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Rajya Sabha faces Gujjar heat

The demand of Rajasthan's Gujjar community to be granted tribal status generated much heat in the Rajya Sabha on Monday.
IANS | By HT Correspondent, New Delhi
UPDATED ON MAR 17, 2008 02:36 PM IST

The demand of Rajasthan's Gujjar community to be granted tribal status generated much heat in the Rajya Sabha on Monday, with the central government washing its hands of the issue and tossing the ball in the court of the state government.

"Unless the state government writes to us on this and makes a recommendation, what can we do?" Minister for Tribal Affairs PR Kyndiah said during question hour in the Rajya Sabha.

"The subject is state relevant. We cannot say that if recognition is granted in one state, it must be granted in all states," he said, adding that Gujjars had been granted tribal status in Jammu and Kashmir and Himachal Pradesh.

Detailing the procedure to be followed for granting tribal status to a community, the minister said this would have first to be recommended by the concerned state government.

"Thereafter, the Registrar General of India has to clear this. After that, it has to be cleared by the National Commission for Scheduled Castes and Tribes. Then it will come to my ministry and then to Parliament," Kyndiah pointed out.

Rajasthan's Gujjar community had staged violent protests for six days last May-June to press their demand for being declared a tribe. The agitation left 25 people dead in mob violence and police firing in half a dozen districts and brought life to a standstill in many areas of the state and in some neighbouring states.

The agitation was called off after the state government agreed to set up a commission under a retired high court judge to study the Gujjar demand. The Jasraj Chopra commission had stopped short of accepting the demand but suggested that the law under which such status was granted should be amended.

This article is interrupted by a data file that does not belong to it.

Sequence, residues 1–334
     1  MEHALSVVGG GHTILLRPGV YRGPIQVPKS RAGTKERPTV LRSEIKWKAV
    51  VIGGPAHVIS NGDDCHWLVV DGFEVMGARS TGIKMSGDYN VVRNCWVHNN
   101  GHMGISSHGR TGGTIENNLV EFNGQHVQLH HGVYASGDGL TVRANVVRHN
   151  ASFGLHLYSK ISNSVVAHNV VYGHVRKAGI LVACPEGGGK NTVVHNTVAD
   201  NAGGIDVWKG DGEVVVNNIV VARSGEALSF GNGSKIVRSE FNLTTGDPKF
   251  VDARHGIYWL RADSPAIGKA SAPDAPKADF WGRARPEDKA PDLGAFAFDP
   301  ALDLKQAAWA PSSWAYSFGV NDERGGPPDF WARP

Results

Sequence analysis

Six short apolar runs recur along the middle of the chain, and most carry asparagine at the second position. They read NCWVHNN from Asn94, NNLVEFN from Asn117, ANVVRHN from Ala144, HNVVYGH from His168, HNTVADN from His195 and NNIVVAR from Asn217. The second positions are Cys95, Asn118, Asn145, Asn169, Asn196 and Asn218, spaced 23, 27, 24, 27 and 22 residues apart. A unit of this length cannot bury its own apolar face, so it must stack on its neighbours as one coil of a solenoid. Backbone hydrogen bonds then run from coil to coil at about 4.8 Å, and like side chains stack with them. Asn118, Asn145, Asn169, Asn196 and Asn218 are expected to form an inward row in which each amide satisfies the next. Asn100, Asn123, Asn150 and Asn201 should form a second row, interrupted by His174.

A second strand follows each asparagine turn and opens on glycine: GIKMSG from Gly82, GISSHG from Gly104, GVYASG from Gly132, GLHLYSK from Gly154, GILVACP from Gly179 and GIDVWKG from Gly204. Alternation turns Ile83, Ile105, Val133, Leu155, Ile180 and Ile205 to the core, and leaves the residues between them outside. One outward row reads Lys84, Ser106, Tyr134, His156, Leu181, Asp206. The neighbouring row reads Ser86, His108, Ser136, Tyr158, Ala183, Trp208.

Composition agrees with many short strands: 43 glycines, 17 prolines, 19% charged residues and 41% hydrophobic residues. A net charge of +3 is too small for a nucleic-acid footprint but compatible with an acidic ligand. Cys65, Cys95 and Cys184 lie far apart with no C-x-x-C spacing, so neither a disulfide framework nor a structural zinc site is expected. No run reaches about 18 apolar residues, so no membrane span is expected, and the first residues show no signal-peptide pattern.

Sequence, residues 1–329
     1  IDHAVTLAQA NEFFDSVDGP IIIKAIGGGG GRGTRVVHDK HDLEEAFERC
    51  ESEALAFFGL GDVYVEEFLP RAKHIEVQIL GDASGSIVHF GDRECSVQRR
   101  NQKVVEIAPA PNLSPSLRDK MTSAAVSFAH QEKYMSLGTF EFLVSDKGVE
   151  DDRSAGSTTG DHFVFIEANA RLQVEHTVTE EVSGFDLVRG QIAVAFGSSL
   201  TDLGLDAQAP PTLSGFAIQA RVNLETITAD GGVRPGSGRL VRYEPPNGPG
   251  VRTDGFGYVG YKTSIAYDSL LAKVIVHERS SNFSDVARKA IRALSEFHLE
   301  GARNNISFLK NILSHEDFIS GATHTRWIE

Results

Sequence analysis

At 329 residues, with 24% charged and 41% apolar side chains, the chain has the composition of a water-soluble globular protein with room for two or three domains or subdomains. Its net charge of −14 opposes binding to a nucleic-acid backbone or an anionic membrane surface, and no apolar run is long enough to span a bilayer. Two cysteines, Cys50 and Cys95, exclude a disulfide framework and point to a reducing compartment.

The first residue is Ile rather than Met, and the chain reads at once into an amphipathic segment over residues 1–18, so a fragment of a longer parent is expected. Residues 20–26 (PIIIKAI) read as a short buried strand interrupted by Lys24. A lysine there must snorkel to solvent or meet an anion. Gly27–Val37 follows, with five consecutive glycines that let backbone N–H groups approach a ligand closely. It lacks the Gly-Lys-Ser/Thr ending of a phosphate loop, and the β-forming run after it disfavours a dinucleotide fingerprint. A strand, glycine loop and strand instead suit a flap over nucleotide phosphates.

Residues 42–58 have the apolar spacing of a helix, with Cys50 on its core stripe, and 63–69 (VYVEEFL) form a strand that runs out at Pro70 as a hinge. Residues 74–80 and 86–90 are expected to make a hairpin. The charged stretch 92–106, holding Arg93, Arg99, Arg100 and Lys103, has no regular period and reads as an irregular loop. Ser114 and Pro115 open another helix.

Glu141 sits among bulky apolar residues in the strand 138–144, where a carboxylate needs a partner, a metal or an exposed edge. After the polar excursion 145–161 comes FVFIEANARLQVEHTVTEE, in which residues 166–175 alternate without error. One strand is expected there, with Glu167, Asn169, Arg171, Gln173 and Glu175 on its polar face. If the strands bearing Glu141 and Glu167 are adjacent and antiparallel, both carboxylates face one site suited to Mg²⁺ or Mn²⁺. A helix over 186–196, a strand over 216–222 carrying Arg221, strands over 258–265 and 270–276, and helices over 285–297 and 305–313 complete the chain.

Kyndiah replied in the affirmative when asked if the government was considering this - but indicated it could be a while before it decided one way or the other.

"The draft national policy of my ministry says the criteria should be reviewed. It was put before the cabinet that sent it to a Group of Ministers for consideration. In due time, I will come back to the house on this," the minister stated.

Raising a supplementary, Congress MP Lalit Kishore Chaturvedi said: "The Gujjars are in a bad shape so they want scheduled tribe status. Why are you trying to pass the buck to the Rajasthan government? Please don't make this into a football."

As members from the treasury and opposition engaged in a wordy duel, Chairman Mohammad Hamid Ansari was hard pressed to restore order.

"I require your protection, sir, for getting a proper answer from the minister," Bharatiya Janata Party (BJP) MP SS Ahluwalia was heard saying in the din.

"At this stage, it is I who need your protection," Ansari retorted.

A former Congressman, Ahluwalia was part of what was called the "shouting brigade" during the time of former prime minister Rajiv Gandhi.

"The larger political debate can go on. The specific question has been answered," Ansari firmly ruled and moved on to the next question.

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